IDAHO FALLS, Idaho (KIFI/KIDK) - A new way to experience Idaho Falls is through your mobile device.
The city has launched a new app that can be found in the app store as ‘Liiingo,’ it provides information about the city’s hot spots, like restaurants, activities, and places to explore.
The tourist geared app was in the works for a year and caters to those who speak English, Spanish, Chinese and Japanese, something that the city said was the selling point.
“I think what stood out to us the most about Liiingo was the ability to offer information in other languages. Because if not, it could just be an app like any other app that would be providing information that is useful, but what we felt like was really made them stand out was this ability to provide it in multiple languages,” said Idaho Falls economic development coordinator, Dana Briggs.
Briggs said the four languages were selected based on information from the Idaho Falls Chamber of Commerce and Visitor's Center.
The city signed a three-year contract with Liiingo for $5,500 which includes the four translations. Briggs said that in the future more languages could be added.
Although the app is geared towards tourists, Briggs says community members can benefit as well.
“I think it can benefit both visitors and residents because residents will be able to share it with people that are coming to visit them, but also just usually using it for family members people that are coming and going from our community and ourselves you know we can all utilize it to have more information readily at our fingertips about what the great things that we have to offer in our community,” Briggs said.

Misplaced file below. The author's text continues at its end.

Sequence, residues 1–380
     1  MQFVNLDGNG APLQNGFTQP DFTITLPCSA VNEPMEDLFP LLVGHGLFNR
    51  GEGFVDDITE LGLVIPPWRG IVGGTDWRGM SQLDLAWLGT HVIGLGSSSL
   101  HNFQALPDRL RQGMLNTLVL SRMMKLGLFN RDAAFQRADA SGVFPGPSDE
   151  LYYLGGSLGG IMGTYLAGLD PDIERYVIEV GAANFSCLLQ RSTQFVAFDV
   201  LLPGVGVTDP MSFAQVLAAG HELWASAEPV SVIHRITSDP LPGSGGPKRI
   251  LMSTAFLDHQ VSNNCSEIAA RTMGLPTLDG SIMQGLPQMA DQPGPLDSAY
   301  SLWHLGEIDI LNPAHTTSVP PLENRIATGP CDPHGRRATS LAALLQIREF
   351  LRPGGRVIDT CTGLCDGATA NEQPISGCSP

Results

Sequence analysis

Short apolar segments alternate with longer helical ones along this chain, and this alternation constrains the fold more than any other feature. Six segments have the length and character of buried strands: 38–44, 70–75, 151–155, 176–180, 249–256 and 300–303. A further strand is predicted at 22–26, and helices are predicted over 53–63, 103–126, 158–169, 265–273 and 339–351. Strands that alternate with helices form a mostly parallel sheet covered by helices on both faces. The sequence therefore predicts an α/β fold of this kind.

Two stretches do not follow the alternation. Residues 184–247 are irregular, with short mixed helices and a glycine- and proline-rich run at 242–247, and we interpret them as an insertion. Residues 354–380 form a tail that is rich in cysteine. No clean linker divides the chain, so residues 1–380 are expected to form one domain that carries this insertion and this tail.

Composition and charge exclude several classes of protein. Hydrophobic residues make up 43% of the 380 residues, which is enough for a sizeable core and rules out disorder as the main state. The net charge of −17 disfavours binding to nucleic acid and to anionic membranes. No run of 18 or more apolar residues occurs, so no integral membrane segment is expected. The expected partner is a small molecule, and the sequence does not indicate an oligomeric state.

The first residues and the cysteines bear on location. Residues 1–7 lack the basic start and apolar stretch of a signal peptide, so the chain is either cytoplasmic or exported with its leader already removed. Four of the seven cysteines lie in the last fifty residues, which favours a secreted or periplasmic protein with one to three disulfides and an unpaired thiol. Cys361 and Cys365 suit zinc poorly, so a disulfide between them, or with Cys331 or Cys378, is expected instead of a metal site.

Funding for the app came from the Community Partnership Grant that the city offers to non-profit organizations that are furthering economic development and tourism effort in the city.
The app can be found searching the app store for ‘Liiingo,' scanning QR codes that will be placed around the city, and soon beacon technology will be used to notify you about the app. "When people are in a certain proximity to locations, their iPhone will pick up that signal and then they'll get a notification saying, 'do you want this app you can download it for this information,'" said Briggs.
Now that the app has launched, the city will be monitoring its progress and use, "we'll just be able to gather analytics from the visitors that come to see how many are using it, the different languages that are predominantly being used the most and be able to, evaluate it and improve it from there, and we just hope that it's a great resource and tool for our community to use," Briggs said.